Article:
Tag: worry

Issues You Think You Need to Worry About as a New Business Owner (But Don’t)

As a new business owner, you want to set yourself and your company up for success. But with so many different tasks to do and factors to weigh, you might not know what to prioritize. Focusing on the wrong areas can be a waste of your time and energy at best, and at worst, a detriment to your growing business.

To help you avoid that pitfall, we spoke to a group of experienced business owners about their entrepreneurial experiences and what they’ve learned along the way. Below, they share seven things new entrepreneurs tend to put too much weight on when they first start out — and what they should focus on instead.

1. Adding new services

According to Eric Mathews, founder and CEO of Start Co., entrepreneurship is the art of subtraction, not addition. However, many new entrepreneurs focus on adding new features, product lines, people and markets on

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Business owners in Boulder County worry that university outbreak could spell financial trouble

BOULDER, Colo. — As COVID-19 numbers continue to spike in Boulder County, data show that an overwhelming number of cases involve students at the University of Colorado Boulder. On Sunday, of the 202 new cases in the county, 174 of the cases involved students or faculty.

This week, 14 students at CU Boulder face suspension for violating COVID-19 protocol at the school. The school is also moving all classes online to slow the spread.

“I think it is important for college students to understand that just because you want to have fun doesn’t mean you should put the entire county at risk,” said CU Boulder student Elizabeth Mather. At the beginning of the year, she says, “was kind of just an explosion of people getting to see their friends again and having parties.”

Now the surrounding community is facing potential consequences.

“Once I heard about the spike, I started wondering

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Macy’s Polaris Strategy on Track, Soft Store Sales a Worry

Bloomberg

Perelman Selling Almost Everything as Pandemic Roils His Empire

(Bloomberg) — Bit by bit, billionaire Ronald O. Perelman is parting with his treasures.His Gulfstream 650 is on the market. So is his 257-foot yacht. Movers hauled crates of art from his Upper East Side townhouse after he struck a deal with Sotheby’s to sell hundreds of millions of dollars of works.He’s unloaded his stake in Humvee-maker AM General, sold a flavorings company that he’d owned for decades and hired banks to find buyers for stock he holds in other companies.What in the world is going on with Ron Perelman? His exploits on and off Wall Street have been tabloid fare in New York since the go-go 1980s. But now, at an age when most fellow billionaires are kicking back, Perelman, 77, is facing a range of financial challenges, most of all at Revlon Inc., his cosmetics giant.Once touted as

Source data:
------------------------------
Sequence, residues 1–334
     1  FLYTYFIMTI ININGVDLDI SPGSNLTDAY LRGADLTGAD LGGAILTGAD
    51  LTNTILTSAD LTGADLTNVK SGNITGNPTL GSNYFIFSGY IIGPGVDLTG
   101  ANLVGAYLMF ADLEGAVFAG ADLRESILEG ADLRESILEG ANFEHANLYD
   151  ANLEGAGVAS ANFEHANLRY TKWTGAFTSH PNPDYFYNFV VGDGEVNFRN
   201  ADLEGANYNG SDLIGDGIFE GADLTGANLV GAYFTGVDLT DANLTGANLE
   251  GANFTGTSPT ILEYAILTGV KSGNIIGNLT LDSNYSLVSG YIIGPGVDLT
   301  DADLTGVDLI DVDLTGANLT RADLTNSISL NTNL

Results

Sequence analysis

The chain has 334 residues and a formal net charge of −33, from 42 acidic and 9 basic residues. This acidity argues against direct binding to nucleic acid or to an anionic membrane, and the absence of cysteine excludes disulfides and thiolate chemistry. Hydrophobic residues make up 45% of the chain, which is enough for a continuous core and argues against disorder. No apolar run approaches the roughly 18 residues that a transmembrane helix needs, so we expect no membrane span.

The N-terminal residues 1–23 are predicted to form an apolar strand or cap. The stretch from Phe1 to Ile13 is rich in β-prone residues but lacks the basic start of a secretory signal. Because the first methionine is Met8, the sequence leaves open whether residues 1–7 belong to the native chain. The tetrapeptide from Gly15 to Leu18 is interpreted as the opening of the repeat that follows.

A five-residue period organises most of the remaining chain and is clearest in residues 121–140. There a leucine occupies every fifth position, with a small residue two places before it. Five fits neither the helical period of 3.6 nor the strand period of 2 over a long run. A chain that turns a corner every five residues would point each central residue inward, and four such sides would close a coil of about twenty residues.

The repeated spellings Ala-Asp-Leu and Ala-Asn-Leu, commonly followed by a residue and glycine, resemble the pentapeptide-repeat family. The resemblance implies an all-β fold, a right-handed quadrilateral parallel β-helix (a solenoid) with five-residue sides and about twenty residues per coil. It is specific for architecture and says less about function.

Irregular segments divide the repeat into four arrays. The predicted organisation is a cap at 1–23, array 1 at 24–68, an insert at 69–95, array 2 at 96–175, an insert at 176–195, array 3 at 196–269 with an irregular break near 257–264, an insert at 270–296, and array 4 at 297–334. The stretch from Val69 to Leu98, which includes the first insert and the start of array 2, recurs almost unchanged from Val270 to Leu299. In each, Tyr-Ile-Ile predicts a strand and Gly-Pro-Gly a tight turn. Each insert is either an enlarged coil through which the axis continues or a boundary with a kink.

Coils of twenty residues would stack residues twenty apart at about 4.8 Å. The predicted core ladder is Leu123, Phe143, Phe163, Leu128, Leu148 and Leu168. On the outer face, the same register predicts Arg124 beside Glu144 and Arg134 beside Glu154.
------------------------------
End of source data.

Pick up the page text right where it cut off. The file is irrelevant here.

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Thai Economy to Shrink 7%-9% This Yr, Protests a Worry: Business Groups | Investing News

By Satawasin Staporncharnchai and Kitiphong Thaichareon

BANGKOK (Reuters) – Thailand’s economy is expected to contract between 7% and 9% this year from the impact of the coronavirus pandemic, while frequent anti-government protests are a concern, a group of the country’s top business associations said on Wednesday.

While most of virus restrictions have been removed, the tourism-and export-reliant economy remains under pressure as the outbreak cuts global demand, according to a joint standing committee on commerce, industry and banking.

“The economy is still very weak,” Payong Srivanich, chairman of the Thai Bankers’ Association, told a briefing.

“Domestic demand is fragile due to high uncertainty, which could hurt consumer and investor confidence,” he said.

Consumer confidence rose for a fourth month in August, helped by the reopening of businesses and relief measures, but consumer spending will remain very low until at least the fourth quarter, according to a university survey.

The business

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Migrant laborers in Md. worry coronavirus could affect visa status

“Why me?” asked Garcia, 65, who makes between $10 and $11 an hour helping set up equipment for mask-wearing colleagues as they crack shells with tiny knives and pile the meat into plastic containers. “I didn’t ask to get sick.”

About 50 crab pickers tested positive in July, Dorchester County Health Department spokeswoman Angela Grove said in response to questions from the Baltimore Sun.

There were outbreaks — defined as five or more cases in a two-week period — at two plants, said Grove, who declined to identify the facilities.

No one died, and one person was treated in a hospital, she said.

But advocates for migrant workers remain concerned about the safety of the laborers, mostly women, who typically stay in Maryland until November.

In most summers, there are as many as 500 in Dorchester, many clustered on a remote string of three islands collectively known as Hoopers.

Only

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